Cross Country Road Trip Legs 8 and 9: Idaho and Oregon

I can’t lie, I was disappointed to be anywhere after the day at Yellowstone–anything was going to be a letdown. The fact that there is a whole lot of nothing in Idaho does not help.
IMG_6286
We took I-20 to Craters of the Moon National Monument. The road went straight for awhile and then skirted a series of brown mountains. Eventually we got to Craters of the Moon National Monument. Spoiler alert: it was still empty!
f6794-dsc_5978
This is where a series of volcanoes erupted/exploded all over the plains of the Snake River basin. The mountain-y bits are still technically there, but they’re really small and unassuming. One would not guess that they barfed endless fields of lava for miles and miles.
d3f30-dsc_5980
Surprisingly (or not, really, since volcanic soil is quite rich), many trees and plants have sprung up. (Some died, like this, but plenty seem to be thriving.)
e96cb-dsc_5989
Seriously, endless miles of lava and nothing.
9c7f6-dsc_6006

After a couple hours looking at various views of lava, we continued our journey westward. We passed into Oregon and had dinner, and then drove another hour to a motel in La Grande for our penultimate night.

188d8-dsc_6029
On the way we apparently drove onto Mars.

013a3-dsc_6041
LEG 9
This was our final leg. It was also our shortest driving time–less than five hours. So we purposely had a leisurely morning and figured we’d stop along the way. There was actually some kind of Oregon Trail Pioneer Park soon after we started, but unfortunately it was closed. By this time we had come far enough west that we were out of Martian country and back into trees, at least for a little while. We were still on I-84, which we’d picked up before Boise the day before. That freeway actually follows the Oregon trail at a northwestern angle and meets up with the mighty Columbia River.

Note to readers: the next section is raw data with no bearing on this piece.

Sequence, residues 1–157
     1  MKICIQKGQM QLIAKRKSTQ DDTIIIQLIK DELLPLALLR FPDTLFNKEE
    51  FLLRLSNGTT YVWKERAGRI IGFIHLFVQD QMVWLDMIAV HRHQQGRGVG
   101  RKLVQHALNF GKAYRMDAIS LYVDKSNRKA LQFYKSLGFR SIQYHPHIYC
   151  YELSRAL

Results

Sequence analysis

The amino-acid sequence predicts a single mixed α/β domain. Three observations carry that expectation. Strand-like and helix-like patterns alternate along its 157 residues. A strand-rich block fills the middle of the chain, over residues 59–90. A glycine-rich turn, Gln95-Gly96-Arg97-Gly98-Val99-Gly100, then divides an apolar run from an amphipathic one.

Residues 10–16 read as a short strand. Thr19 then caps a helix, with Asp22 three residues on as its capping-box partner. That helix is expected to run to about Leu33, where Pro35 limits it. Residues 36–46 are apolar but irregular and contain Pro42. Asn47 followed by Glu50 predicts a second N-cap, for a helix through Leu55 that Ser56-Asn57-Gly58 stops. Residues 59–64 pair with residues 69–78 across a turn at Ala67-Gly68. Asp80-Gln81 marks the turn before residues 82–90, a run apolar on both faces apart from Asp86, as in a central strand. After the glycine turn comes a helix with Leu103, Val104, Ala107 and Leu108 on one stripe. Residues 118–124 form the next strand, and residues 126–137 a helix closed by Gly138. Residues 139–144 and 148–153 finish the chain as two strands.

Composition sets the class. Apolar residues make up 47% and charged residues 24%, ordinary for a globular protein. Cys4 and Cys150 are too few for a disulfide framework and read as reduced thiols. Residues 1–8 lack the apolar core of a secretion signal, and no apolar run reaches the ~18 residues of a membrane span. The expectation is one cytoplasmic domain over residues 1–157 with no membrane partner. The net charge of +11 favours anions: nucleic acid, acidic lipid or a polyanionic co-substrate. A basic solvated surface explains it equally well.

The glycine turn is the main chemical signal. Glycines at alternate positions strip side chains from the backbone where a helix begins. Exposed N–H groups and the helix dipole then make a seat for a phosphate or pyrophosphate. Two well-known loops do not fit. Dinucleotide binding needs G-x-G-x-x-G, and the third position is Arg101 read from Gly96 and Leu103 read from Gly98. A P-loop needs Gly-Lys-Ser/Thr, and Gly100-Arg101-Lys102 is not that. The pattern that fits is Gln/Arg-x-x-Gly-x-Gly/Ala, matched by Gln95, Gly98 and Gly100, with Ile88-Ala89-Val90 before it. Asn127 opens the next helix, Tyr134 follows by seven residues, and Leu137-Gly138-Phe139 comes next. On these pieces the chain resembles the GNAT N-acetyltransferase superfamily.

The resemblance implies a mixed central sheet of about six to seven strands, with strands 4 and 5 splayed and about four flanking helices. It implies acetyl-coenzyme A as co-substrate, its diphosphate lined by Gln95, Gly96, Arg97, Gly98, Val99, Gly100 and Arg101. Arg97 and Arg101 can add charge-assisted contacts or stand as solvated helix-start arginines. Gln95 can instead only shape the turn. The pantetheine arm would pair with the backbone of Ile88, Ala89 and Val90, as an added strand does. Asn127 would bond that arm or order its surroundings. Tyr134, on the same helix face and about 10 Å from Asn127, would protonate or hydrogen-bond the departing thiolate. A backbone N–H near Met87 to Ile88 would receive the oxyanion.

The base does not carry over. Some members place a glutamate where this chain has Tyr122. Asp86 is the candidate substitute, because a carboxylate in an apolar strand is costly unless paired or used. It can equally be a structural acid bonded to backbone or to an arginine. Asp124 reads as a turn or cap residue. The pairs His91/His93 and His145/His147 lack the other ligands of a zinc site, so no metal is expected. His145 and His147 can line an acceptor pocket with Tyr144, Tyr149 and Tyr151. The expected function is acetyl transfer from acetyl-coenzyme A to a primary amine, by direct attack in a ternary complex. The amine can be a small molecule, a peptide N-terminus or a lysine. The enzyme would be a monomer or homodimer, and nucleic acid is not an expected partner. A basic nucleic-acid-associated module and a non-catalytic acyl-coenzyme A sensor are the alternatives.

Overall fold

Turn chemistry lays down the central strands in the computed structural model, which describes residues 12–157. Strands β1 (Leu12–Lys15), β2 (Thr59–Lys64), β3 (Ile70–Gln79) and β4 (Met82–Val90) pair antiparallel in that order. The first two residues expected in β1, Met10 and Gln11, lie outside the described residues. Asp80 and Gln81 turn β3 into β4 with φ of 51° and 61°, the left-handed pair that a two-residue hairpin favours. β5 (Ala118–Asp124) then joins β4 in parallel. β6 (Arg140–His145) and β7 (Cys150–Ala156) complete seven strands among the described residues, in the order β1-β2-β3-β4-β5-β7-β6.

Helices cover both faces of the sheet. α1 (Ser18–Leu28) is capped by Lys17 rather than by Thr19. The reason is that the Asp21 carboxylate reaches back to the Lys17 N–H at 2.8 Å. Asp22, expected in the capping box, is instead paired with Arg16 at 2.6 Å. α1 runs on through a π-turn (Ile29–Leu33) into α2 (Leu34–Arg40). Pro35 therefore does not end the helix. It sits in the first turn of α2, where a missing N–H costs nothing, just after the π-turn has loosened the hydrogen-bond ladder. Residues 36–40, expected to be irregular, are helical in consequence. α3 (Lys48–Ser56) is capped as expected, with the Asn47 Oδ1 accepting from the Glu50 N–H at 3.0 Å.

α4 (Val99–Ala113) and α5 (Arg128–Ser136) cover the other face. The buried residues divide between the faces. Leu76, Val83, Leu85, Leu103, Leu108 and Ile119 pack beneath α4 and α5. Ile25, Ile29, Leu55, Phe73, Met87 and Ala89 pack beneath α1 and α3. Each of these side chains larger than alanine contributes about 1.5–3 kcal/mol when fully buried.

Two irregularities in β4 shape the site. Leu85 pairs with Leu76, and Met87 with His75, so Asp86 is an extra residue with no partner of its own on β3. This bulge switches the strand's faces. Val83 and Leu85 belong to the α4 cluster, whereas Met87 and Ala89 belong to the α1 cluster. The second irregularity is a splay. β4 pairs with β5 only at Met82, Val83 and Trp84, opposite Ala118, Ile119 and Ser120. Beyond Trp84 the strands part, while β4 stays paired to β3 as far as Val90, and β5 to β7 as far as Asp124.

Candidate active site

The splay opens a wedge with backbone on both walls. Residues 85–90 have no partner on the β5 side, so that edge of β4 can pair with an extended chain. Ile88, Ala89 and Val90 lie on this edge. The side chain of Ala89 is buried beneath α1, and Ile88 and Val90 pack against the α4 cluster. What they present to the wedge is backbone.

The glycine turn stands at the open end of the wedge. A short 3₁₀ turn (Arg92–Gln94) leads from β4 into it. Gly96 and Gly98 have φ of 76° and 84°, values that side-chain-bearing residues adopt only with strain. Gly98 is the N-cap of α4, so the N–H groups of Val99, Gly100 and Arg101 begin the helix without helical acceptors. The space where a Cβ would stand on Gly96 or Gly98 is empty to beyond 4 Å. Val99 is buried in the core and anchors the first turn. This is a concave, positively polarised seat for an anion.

2da0d-img_6336

This made me think about a wonderful book I read as a teenager, Sacajawea by Anna Lee Waldo. It’s a historical novel of her entire life, and it is so completely fascinating. Obviously the Lewis and Clark expedition is a huge section of the book, and one of the parts I remember most is the end of their journey when they reach the mouth of the Columbia, and it’s teeming with people and fish and big water.

Obviously we weren’t anywhere near the mouth, and by now the Columbia has been tamed many times over by dams. But every time I see it, I think of what the river must have seen and wish I could see it like that.

Anyway! It was also exciting to reach the Columbia because it meant we were that much closer to our end point. And then Mt Hood appeared! I love mountains, and Mt Hood is an especially pretty one (though of course Mt Rainier is always number one in my heart). And the combo of mountain and river made me quite happy.

f69c0-dsc_6080

Add to that the lines of wind turbines along both sides of the river, and I was enthralled. We saw wind turbines in Iowa, Illinois, Wyoming, and now again in Oregon, and every time I was struck by how beautifully elegant they are, and how exciting it is that people are harnessing nature’s power without pollution. Even better that it’s happening both on land already in use (farms/fields–turbine footprints are quite small!) and on land that seems to useless. It really adds something to the landscape. I hope all the states continue to grow their wind farms!

580e0-img_6353
21958-dsc_6108

We arrived in Portland before 5pm. It was a Tuesday. We checked into a hotel for two nights, since our things wouldn’t be arriving until Thursday. Though it was exciting to reach our destination, I was mostly sad to see the end of our adventure. This whole thing was a transition into this new life, a middle ground of being of nowhere, and arriving in our new city meant that it was time to face the reality of all that’s coming, and a new kind of permanence.

DSC_6124

Advertisements

Leave a Reply

Fill in your details below or click an icon to log in:

WordPress.com Logo

You are commenting using your WordPress.com account. Log Out / Change )

Twitter picture

You are commenting using your Twitter account. Log Out / Change )

Facebook photo

You are commenting using your Facebook account. Log Out / Change )

Google+ photo

You are commenting using your Google+ account. Log Out / Change )

Connecting to %s